Tory NHS plan will not fix shortage of doctors and nurses, says Wes Streeting | Wes Streeting

Wes Streeting has criticized a “huge hole” in the Conservatives’ next NHS plan, which he said would do little to address a shortage of doctors, nurses and health workers that is fueling workforce delays and discontent.

The shadow health secretary said doctors and nurses considering industrial action in the coming months were not only worried about salary, but about the “moral damage” they were suffering because they were unable to provide the best care to patients. due to lack of staff and weight of demand.

“They just don’t feel the cavalry coming,” Streeting said in an interview with The Guardian.

“What NHS staff are crying out for is a credible workforce plan. They know that it will not be delivered overnight. But at the moment, we see no sign of that long-term thinking.

“And I am deeply distressed that we have a new Secretary of State, the third in six months… who seems to be dodging the biggest challenge facing the National Government.” Health Service, and I’m afraid if you don’t come up with a credible workforce plan, it’s hard to take seriously.”

Therese Coffey will be deliver a new plan for the NHS on Tuesday, which the Department of Health and Social Care says will focus on new ways of tackling what it called the ABCD of problems: ambulances; arrears; watch out; and doctors

There will be a focus on late discharges as well as long waits for GP appointments.

Prior to the statement, Streeting called on the health secretary to immediately correct doctors’ pensions, to allow doctors to stay on the service longer, and direct additional social care funding toward retention of care workers.

He also said the government should announce the return of the “vaccine army” of volunteer vaccinators to help ease pressure on GP surgeries administering flu, monkeypox and covid vaccines.

Streeting said NHS figures show it is short 10,500 doctors and 47,000 nurses, but an actual workforce plan could not be produced until there had been an independent assessment of the shortage.

Earlier this year, the government blocked an amendment to the health and care bill, orchestrated by former health secretary Jeremy Hunt, that would have required ministers to commission an independent assessment of the number of doctors and nurses needed for the next 5, 10 and 20 years.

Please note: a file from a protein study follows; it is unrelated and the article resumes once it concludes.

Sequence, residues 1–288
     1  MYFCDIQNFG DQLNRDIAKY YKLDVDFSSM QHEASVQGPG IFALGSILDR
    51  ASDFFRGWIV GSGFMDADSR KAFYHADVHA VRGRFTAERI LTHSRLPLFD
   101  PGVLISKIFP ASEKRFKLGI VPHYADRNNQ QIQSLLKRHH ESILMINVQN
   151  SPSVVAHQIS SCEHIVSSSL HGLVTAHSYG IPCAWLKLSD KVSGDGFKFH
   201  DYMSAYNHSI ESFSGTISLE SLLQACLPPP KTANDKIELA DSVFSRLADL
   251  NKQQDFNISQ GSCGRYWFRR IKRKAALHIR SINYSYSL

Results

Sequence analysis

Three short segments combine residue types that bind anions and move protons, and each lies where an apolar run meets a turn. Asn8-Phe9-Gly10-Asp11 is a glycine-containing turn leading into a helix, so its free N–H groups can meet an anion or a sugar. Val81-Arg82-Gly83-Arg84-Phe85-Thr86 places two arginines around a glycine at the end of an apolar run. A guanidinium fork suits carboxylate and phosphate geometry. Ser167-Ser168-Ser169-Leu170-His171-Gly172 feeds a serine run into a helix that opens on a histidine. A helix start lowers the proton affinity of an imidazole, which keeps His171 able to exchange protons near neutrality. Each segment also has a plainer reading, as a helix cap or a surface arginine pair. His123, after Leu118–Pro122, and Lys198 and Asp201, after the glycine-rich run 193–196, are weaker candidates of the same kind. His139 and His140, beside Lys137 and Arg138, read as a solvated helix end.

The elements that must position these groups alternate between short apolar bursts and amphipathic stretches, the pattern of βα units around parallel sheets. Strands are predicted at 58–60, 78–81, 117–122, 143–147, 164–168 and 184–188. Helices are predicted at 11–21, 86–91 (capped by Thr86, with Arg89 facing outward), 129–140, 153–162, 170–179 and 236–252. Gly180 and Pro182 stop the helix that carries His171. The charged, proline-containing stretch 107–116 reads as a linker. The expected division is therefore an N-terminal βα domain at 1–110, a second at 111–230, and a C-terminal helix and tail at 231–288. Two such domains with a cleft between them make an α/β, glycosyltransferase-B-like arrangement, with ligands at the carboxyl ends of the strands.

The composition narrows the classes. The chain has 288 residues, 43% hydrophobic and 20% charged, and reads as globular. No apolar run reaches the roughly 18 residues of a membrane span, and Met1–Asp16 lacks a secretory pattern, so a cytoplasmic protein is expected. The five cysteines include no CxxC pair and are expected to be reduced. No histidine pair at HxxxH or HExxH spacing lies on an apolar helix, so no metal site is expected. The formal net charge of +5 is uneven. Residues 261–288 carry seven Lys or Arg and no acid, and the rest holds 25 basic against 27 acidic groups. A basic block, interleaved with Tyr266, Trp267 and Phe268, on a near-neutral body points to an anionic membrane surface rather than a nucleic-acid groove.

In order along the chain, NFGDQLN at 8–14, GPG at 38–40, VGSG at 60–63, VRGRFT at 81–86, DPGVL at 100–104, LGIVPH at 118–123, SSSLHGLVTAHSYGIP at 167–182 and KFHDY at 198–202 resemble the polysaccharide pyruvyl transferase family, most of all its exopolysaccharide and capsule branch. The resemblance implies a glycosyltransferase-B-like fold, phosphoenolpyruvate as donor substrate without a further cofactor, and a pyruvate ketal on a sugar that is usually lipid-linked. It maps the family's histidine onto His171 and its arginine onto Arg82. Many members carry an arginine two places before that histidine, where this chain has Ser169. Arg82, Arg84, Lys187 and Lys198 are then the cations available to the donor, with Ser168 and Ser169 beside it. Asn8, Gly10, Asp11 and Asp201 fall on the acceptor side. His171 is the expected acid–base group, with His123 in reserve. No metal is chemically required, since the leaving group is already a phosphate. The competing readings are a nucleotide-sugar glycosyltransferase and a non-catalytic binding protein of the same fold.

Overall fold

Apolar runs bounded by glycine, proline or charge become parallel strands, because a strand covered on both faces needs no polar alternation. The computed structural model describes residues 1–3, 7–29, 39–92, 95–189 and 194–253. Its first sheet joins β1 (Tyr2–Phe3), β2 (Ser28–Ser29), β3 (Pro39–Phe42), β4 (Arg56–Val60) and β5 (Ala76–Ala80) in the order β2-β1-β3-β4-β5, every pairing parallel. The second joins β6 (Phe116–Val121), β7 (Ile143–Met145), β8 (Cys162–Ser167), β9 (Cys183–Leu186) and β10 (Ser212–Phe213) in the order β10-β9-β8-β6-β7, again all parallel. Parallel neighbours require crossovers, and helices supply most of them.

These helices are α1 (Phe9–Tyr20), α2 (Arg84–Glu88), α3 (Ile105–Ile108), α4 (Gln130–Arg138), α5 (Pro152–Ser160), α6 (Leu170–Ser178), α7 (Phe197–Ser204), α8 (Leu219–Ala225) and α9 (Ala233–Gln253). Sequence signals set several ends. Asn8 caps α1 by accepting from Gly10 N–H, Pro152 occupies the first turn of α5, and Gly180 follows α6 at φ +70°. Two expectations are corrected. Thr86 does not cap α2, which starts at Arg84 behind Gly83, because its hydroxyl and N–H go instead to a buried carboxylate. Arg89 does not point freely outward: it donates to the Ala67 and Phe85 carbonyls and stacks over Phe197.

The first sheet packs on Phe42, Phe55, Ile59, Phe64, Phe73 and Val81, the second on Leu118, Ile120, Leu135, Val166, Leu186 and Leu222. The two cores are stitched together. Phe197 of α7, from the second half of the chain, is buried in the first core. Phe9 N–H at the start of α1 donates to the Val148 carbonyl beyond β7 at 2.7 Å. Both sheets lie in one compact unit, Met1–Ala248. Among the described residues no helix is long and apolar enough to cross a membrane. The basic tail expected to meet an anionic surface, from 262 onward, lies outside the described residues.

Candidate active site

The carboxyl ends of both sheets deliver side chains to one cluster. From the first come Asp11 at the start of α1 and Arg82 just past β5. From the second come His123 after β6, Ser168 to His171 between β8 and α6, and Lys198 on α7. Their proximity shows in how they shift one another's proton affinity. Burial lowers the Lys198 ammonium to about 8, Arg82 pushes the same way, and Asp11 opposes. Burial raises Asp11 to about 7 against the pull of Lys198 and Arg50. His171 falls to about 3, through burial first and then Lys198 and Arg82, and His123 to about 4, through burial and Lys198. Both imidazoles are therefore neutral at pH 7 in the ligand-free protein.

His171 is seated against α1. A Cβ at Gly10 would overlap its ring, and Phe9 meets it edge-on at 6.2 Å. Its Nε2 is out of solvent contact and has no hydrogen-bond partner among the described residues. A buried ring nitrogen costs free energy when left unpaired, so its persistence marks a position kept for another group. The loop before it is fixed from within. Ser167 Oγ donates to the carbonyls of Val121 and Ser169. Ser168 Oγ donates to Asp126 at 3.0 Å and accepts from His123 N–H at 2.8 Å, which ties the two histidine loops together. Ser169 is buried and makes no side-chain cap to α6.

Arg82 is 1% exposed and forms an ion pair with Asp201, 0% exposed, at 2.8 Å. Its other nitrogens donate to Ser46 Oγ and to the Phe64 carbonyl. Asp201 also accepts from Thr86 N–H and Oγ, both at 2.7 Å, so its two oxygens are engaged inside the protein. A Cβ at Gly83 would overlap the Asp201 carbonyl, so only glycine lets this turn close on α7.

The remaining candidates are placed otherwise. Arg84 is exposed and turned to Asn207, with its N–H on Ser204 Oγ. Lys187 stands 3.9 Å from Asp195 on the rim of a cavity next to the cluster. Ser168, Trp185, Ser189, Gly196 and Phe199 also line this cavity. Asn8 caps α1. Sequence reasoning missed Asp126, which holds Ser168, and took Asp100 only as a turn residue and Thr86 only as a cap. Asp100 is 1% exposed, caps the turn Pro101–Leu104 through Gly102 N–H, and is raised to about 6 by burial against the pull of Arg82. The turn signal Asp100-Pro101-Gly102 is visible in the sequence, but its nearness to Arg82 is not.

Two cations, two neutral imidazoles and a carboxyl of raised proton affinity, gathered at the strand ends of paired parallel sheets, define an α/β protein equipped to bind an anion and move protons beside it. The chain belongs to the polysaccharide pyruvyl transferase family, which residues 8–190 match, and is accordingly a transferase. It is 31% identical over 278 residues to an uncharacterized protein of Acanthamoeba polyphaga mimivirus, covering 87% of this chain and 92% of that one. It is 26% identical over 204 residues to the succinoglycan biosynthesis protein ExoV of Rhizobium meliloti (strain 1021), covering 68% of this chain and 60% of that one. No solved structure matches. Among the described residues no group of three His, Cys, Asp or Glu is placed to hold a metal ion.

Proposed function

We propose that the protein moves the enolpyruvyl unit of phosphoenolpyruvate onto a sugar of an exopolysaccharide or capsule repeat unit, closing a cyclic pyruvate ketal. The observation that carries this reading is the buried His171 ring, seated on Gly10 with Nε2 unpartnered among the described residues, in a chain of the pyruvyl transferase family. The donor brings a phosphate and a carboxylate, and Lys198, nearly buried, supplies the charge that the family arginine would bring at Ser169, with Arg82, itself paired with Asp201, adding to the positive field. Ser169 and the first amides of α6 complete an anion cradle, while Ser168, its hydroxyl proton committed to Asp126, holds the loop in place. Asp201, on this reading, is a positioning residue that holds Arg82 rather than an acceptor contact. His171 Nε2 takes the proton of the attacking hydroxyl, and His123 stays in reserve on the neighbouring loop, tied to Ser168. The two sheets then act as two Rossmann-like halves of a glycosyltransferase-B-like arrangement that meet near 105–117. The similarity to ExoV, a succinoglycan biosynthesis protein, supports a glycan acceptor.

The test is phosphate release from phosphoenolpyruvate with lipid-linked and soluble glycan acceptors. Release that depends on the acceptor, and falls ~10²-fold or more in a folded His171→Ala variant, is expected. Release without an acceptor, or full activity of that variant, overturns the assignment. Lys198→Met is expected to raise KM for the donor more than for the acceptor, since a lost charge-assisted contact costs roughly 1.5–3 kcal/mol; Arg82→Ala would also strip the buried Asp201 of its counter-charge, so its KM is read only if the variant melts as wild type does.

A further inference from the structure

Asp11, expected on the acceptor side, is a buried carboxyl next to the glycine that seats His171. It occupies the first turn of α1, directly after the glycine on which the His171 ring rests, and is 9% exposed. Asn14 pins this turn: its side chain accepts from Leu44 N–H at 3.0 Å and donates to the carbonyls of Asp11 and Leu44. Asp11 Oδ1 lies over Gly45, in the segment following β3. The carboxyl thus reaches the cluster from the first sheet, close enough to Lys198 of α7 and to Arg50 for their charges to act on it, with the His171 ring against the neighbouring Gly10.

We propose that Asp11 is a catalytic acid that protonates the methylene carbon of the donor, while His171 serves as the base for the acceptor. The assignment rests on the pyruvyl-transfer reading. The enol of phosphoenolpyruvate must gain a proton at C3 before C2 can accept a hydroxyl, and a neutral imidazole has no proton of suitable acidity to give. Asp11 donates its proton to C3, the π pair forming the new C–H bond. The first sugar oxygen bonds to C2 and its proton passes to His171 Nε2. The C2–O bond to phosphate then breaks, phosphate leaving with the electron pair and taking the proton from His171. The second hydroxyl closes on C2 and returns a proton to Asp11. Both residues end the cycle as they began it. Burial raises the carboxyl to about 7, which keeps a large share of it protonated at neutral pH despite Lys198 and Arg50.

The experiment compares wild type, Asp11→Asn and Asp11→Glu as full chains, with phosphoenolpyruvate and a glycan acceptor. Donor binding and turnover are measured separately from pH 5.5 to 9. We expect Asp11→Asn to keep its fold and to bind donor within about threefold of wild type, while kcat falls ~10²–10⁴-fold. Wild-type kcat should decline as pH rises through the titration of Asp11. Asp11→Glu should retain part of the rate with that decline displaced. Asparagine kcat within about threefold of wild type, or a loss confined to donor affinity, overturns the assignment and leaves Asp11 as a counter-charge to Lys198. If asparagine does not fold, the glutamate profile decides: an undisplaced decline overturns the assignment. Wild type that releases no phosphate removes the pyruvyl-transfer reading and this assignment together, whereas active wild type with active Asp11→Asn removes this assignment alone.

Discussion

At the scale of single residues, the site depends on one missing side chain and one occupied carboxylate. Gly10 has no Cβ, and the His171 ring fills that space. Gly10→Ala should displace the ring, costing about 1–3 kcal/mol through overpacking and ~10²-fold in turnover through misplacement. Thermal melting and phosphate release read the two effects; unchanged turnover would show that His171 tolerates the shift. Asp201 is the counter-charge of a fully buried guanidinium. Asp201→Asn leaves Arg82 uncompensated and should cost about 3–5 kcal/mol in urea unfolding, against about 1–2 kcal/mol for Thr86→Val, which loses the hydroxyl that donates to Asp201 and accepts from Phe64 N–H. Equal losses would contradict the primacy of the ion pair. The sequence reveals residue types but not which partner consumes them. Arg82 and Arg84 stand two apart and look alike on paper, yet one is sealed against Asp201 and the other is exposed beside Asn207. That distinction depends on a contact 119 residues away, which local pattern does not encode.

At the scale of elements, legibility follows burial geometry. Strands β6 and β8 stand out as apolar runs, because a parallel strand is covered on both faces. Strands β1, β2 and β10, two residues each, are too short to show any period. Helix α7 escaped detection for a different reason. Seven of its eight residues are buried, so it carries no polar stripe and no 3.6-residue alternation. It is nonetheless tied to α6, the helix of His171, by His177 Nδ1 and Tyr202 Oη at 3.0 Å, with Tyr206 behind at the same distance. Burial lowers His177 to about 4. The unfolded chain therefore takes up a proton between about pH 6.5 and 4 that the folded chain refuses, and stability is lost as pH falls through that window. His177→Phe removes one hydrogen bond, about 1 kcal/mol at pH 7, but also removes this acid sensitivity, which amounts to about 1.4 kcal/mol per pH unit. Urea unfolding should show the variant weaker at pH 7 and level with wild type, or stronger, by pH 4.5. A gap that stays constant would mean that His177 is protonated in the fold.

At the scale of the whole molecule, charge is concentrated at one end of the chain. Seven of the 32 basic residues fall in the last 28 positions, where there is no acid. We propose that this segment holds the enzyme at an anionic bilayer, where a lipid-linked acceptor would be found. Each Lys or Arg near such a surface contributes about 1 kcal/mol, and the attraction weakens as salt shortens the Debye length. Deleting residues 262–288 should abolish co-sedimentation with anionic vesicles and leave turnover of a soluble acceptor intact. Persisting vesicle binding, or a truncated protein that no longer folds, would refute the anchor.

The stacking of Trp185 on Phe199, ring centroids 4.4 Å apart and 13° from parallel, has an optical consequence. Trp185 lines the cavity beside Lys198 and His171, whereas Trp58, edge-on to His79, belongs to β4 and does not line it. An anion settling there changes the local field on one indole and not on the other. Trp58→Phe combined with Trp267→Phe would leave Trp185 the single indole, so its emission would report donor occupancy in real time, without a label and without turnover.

Streeting said this summer had already seen the NHS face a crisis worse than the most severe of the winter crises so far. Ambulance call response times, A&E waits and the number of patients waiting more than a year for an operation have all reached record levels.

“Unless they fix the fundamental problem, which is the huge staffing shortage in the NHS, they have no hope of rescuing the NHS and building an NHS fit for the future,” he said.

Streeting said the government had signaled it was likely to further relax visa regulations to allow more foreign staff to come to work in the NHS, saying it was an “inevitable short-term solution”, but said the move was ” unethical because we “are taking staff from countries that desperately need them.”

He asked Coffey to fund more places for medical students after cutting 3,000 places this year.

“We are turning away a large number of outstanding students from medical courses at the university because there are no places available,” he said. “We are losing care workers to people like Amazon.

“And yet people see those places as more attractive employers than social care and all of this is creating a perfect storm because we have 400,000 delayed discharges every month.”

This month, 300,000 nurses across the UK will receive ballot papers on industrial action and the BMA also plans to vote for young doctors.

Streeting, whose party has taken a neutral approach to strikes and banned shadow ministers from joining pickets, said he could understand the conditions were unacceptable to NHS staff.

“They go home at the end of the day, not only exhausted and burnt out, but they suffer moral damage, because they have great anxiety,” said the Ilford North MP. “They have not given patients the quality of care they deserve.”

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